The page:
More Summer Real Estate
So, for those of you who can't wait to ink something and then want to ask their questions later, here are a few tips to consider before giving it your best John Hancock:
No matter how hard you shake the other party's hand, there's no such thing as a binding verbal agreement to sell or buy real estate - so your instinct to get it on paper is a commendable one. The law recognizes many verbal contracts, but not where real estate is the subject. That goes back to something like the Magna Carta. The trouble is, once you've signed it, you are committed - unless you specifically write in that you've got, say, 48 hours to have a lawyer review it for you.
There's no legal requirement for any specific deposit amount - $100 would do the trick if the other party accepted it. Still, the custom these days in these parts is for about 5% of the purchase price. If you're a buyer, I always suggest a modest amount when the agreement is signed, and then the rest once you've done your due diligence with the lawyer or completed your inspections. From the seller's standpoint, you want enough up front to make sure the buyer isn't just kicking the tires.
Ah, inspections! Whether you plan to inspect everything or not, give yourself the right to do so. You can always waive an inspection later on, but you won't get the right to do more if you didn't reserve that opportunity in the agreement. And give yourself enough time. Fourteen days is the absolute minimum if you're going to use a professional person - and I suggest that rather than your brother-in-law. Plus, if there's a well or septic system, or a basement that might have a radon problem, you'll need time to get back the test results. Of course, from a seller's standpoint, don't allow so much time that your sale is up in the air for 30 days or more during the prime marketing season.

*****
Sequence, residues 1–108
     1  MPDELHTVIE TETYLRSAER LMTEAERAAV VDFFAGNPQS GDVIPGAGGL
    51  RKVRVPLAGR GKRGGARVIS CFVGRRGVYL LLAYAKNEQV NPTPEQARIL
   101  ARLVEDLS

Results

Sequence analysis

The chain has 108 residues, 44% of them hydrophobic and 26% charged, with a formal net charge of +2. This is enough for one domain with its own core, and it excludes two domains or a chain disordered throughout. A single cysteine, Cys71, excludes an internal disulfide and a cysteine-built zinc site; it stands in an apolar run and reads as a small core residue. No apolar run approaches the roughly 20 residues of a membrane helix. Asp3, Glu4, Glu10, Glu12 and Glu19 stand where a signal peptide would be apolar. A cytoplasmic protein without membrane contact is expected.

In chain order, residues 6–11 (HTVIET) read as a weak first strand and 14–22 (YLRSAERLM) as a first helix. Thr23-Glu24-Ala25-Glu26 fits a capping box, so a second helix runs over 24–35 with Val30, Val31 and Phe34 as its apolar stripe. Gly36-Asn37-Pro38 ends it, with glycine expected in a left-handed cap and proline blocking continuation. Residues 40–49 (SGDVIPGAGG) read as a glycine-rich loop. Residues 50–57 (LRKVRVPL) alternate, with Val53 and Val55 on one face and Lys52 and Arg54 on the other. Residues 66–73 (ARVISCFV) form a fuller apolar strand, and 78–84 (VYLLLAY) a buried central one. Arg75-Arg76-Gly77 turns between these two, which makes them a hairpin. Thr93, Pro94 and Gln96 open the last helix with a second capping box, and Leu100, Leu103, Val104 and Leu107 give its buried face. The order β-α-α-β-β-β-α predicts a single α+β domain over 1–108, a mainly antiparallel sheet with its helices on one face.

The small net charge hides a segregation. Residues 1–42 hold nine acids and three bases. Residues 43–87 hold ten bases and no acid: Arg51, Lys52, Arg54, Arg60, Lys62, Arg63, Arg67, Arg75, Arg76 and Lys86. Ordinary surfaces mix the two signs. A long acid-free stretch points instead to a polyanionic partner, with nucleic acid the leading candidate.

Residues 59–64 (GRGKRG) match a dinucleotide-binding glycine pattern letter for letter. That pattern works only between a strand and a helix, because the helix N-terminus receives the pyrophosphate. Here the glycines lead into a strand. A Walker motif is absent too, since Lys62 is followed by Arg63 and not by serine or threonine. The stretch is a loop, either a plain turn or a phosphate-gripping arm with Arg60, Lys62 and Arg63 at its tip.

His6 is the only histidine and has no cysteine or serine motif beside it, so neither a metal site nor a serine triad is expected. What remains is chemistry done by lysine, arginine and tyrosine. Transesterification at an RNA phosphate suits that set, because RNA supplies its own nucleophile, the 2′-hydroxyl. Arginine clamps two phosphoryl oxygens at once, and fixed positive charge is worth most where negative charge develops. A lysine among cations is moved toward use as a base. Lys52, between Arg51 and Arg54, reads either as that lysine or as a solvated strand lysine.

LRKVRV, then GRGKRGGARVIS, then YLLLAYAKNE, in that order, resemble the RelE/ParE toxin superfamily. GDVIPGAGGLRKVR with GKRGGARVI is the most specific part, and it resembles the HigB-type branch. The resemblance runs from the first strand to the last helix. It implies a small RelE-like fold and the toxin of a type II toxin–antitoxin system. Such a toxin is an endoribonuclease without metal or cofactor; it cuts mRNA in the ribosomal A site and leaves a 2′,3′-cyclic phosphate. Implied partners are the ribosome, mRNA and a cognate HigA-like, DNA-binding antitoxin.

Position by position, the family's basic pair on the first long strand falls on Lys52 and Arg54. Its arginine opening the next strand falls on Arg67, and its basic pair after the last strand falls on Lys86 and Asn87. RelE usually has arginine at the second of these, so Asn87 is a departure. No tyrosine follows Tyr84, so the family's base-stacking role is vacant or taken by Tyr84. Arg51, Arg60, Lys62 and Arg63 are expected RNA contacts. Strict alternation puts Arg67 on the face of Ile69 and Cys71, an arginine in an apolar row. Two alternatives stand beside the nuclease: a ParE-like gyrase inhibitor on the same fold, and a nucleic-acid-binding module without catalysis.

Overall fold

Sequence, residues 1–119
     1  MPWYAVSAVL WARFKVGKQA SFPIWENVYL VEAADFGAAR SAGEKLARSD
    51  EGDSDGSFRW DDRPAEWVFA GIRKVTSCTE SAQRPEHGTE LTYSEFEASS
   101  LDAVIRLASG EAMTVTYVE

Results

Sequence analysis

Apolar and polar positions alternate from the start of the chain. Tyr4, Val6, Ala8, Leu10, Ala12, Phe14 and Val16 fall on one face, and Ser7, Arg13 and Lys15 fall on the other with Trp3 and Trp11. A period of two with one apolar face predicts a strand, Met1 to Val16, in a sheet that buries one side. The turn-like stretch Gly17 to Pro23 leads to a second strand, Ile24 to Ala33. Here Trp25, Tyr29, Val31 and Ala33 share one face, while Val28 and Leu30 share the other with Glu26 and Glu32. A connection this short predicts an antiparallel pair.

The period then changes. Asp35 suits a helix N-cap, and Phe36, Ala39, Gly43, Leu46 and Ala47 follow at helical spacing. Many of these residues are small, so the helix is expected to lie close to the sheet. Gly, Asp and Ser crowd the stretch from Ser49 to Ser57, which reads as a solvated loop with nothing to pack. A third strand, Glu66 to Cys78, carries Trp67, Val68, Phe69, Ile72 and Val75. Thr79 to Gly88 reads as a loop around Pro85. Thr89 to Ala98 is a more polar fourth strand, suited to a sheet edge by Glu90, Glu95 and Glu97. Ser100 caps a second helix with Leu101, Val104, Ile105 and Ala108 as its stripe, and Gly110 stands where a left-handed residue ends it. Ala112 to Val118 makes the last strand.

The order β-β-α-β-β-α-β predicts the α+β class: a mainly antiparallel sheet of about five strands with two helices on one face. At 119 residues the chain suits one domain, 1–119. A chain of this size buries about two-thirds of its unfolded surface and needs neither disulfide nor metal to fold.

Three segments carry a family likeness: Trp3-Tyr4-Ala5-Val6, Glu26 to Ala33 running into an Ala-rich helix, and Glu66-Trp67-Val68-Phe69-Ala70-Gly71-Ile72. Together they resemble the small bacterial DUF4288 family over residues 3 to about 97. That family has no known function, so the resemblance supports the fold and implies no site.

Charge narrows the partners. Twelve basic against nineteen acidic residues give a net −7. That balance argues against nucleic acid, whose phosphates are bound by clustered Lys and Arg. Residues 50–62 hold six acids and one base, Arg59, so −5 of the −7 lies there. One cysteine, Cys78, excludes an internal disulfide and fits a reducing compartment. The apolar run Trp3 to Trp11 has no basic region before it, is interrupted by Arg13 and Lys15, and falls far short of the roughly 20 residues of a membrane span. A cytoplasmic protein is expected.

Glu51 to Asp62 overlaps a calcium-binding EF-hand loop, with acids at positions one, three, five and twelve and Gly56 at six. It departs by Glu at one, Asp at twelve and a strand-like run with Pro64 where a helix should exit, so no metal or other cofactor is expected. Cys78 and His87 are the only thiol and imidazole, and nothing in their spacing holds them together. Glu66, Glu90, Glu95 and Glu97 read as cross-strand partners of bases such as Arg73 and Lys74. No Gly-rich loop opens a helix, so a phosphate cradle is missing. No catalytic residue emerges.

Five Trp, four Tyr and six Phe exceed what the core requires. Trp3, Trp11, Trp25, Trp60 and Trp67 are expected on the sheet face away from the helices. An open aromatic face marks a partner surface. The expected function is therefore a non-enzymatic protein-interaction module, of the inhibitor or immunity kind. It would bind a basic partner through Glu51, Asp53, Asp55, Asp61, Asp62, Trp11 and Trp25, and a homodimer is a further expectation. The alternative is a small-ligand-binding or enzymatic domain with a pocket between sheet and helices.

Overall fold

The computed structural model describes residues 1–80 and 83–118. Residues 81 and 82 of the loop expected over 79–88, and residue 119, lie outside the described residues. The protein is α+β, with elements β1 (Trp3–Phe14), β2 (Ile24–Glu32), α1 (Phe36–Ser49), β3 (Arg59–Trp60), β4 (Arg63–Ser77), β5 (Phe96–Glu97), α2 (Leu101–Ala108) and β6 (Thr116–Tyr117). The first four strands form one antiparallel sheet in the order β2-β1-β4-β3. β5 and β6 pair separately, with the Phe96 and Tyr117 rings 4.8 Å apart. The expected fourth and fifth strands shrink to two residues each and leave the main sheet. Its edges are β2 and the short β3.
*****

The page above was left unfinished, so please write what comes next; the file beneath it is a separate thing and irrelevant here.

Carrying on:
Likewise, a cash sale is always preferred, but if your buyer needs financing, keep the leash as short as possible there, too. In fact, inquire whether they're pre-qualified for the amount in question, so the loan commitment can be quick, and the only real issue will be getting the place appraised for what your buyer has agreed to pay.
As for what's included in the deal beside the kitchen sink, make sure any appliances you're counting on as a buyer are going to be in good working order - but as a seller that you're turning them over in "AS IS" condition without any guaranties like that. See how important it is who's writing the agreement!
If the place is a hoarder's paradise, or if you want to make sure some important painting or repairs have been completed (that were included in the agreement, of course), make sure you have the right to a final inspection early on the day of the closing. Landscaping with major appliances is an honored Southern tradition, but you may not want to take on that refrigerator planter.
Finally for now, the dates in these agreements can be misleading. The date for getting inspections done and raising problem issues, and the date for pulling out if your financing falls through, are cast in concrete. If you miss them, you're out of luck, and you either lose your deposit or you go forward without those bases covered. Ironically, though, the specified closing date in New Hampshire is just a sort of target date, and if it takes someone a few days more to pull their act together, that's not going to blow up the deal. That is, unless the date is really important to one of you, and so you spell out clearly in the agreement that "time is of the essence" of that date. That could indeed be the case if the sellers need the funds to close on their new McMansion, or if the buyers need to get in pronto because their moving truck is idling in the driveway.